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Sempra CEO: Spot LNG Cargoes to Dominate

With the substantial added global capacity and decreased demand for liquefied natural gas (LNG) supplies, spot cargoes are likely to dominate worldwide gas markets in the next two years, with very few long-term contracts being signed, according to Sempra Energy CEO Donald Felsinger.

Felsinger spoke during a conference call last Tuesday in which Sempra reported a 40% increase in first quarter earnings compared with the same period last year. Felsinger said Sempra's Cameron (LA) LNG terminal is on schedule to begin commercial operations in the third quarter.

In the near future, there are going to be some significant announcements in the industry regarding the emphasis on spot cargoes, Felsinger said.

Sempra reported first quarter earnings of $316 million, or $1.29/diluted share, compared with $242 million, or 92 cents, for first quarter 2008. Profits from the joint venture commodities trading unit, RBS Sempra Commodities, nearly doubled to $114 million (Sempra's share), compared with $59 million for the first quarter of last year before the joint venture began operations in April 2008.

In the LNG sector, Felsinger reiterated that a good portion of the spot cargoes could end up in the North American market, and that in turn will have a dampening effect on domestic U.S. natural gas prices.

While the Sempra LNG unit continued to report a loss, albeit lower, for the first quarter this year, compared to that same period in 2008 ($7 million vs. $9 million in losses, respectively), Felsinger's prepared remarks focused on the impending first test cargo at the Cameron LNG facility, which would be the company's second such facility to begin operations in the past 18 months. (Costa Azul on the North Baja California Pacific Coast in Mexico opened with a few spot cargoes late last year.)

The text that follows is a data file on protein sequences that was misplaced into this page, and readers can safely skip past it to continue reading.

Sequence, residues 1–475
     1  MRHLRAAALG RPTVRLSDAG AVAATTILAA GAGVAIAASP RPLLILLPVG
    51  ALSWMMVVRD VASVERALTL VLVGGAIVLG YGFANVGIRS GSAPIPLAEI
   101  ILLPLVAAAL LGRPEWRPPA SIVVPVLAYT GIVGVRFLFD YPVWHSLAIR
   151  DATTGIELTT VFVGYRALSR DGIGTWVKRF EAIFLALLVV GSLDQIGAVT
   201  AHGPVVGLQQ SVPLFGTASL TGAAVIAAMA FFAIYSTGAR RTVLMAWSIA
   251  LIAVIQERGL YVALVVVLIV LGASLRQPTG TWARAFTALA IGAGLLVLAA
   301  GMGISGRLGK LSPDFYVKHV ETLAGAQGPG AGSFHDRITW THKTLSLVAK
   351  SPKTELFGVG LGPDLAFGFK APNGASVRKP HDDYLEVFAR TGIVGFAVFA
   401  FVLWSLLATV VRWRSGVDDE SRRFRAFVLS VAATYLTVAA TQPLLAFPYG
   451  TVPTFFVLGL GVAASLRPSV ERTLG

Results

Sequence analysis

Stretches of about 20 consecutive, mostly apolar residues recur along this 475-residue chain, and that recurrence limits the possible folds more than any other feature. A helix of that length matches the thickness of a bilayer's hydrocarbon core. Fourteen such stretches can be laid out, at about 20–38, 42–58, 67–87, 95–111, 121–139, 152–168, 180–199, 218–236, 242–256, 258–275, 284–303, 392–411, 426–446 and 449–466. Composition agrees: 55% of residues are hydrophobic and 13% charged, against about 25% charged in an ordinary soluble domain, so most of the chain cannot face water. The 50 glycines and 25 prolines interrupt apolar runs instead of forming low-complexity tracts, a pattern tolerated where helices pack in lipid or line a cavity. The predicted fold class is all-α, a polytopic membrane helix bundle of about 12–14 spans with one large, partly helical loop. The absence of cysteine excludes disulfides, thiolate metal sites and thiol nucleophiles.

In response to questions, however, Felsinger offered more insights into how Sempra is viewing the global LNG business these days. "We are still very optimistic that with the amount of LNG coming on-line and the need to have place to deliver it, the United States is a destination of probable choice; we're the largest market and it is going to come here, if it comes."

Sempra President/COO Neal Schmale repeated what he stressed at a Sempra meeting for financial analysts in New York City in late March, namely that the demand globally for gas is going down with the downturn in the world economy, and that more LNG will begin coming to the United States, exerting more downward pressures on U.S. gas prices.

"What's interesting from Sempra's perspective is that our business model is not designed around global gas prices," said Schmale, the company's former CFO. "We have contracted long term for the use of these facilities, and it is consistent with our approach to projects that we tend to perform pretty well in all kinds of markets."

Felsinger added that almost all of the new liquefaction facilities coming on-line are gearing up to deliver spot cargoes, at least for the near term for delivery to Europe and North America. "We have had conversations with a lot of people regarding bringing in spot cargoes; we'll see what eventually evolves, but I think there will be announcements in the industry somewhere in the next short time period."

A combination of a lot of new liquefaction capacity with the fact that there are no attractive markets from a price standpoint anywhere in the world these days will push industry players for the next one or two years to deal mostly with spot cargoes, Felsinger said in response to a follow-up question. "I think they will be thinking about spot cargoes as the market with the best price," he said. "And then as people see a firming up of gas prices in Asia, Europe and North America, there will be more long-term contracts put in place."

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